A Supreme Court justice today told experts that they must avoid the risk of taking sides and advocating for their instructing party. Lord Hamblen told the Expert Witness Institute that cases where experts were admonished for being partisan by the court had occurred ‘far too often’ in recent years – each time to the detriment of those they speak for.
Hamblen said witnesses should refrain from becoming an advocate themselves and give evidence in such a way that you would not know which side has instructed them. ’There is nothing more fatal to the acceptability of an expert’s evidence than the questions of independence and impartiality,’ he said. ‘It will taint all [and] it is therefore vital to avoid any hint of partiality.
‘It is counsel’s job to argue a case – that is not the role of an expert. If you give evidence in an argumentative manner that will undermine your independence. Never get into an argument with counsel however provoked you might be.’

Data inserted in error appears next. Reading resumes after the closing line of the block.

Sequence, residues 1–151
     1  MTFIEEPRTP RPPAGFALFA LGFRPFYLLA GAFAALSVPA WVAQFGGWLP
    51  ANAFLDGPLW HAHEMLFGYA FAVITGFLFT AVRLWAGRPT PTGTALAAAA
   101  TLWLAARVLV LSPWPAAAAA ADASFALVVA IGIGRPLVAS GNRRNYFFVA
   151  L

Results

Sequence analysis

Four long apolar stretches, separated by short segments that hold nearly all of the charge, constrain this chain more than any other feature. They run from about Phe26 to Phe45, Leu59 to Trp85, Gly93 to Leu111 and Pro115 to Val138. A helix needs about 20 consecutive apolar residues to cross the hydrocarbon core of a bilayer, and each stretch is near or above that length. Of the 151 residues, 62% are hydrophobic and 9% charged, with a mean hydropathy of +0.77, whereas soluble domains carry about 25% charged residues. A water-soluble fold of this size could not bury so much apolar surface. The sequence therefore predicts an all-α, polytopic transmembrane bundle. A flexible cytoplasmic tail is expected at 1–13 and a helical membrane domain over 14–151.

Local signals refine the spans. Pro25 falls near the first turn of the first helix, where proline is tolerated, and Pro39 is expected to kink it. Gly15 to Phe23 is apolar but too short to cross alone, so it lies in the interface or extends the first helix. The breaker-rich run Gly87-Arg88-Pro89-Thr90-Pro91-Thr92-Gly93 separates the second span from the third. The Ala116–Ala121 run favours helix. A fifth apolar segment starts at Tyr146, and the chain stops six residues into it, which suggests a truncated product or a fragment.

Hamblen said there had also been cases in the High Court where 'experts' appeared without having specialist expertise in that particular field, adding: ‘It is not the experience of giving evidence in court that makes you an expert.’
His words were endorsed during a panel session of judges working in the civil and criminal courts. Senior Master Fontaine said there was concern that witnesses losing their impartiality might cause relevant evidence to be left out of reports. She told experts to reject any attempts from solicitors to put the case more strongly and added: ‘Don’t allow your enthusiasm to assist your client to cross the threshold into an unacceptably partisan approach.'
Recorder Simon Jackson also expressed concern about experts being ‘paid by results’ which was not consistent with their duties to the court.
Meanwhile, Her Honour Judge Sarah Munro warned against experts instructed in criminal courts from speaking in complex or technical language. She added: ‘Ensure the expert speaks to their audience. In my sphere that is a jury of 12 people, and an expert really needs to pare down what they are saying and make it very easy to understand – sometimes experts are inclined to show off their knowledge and complicate [matters] rather than helping the jury.’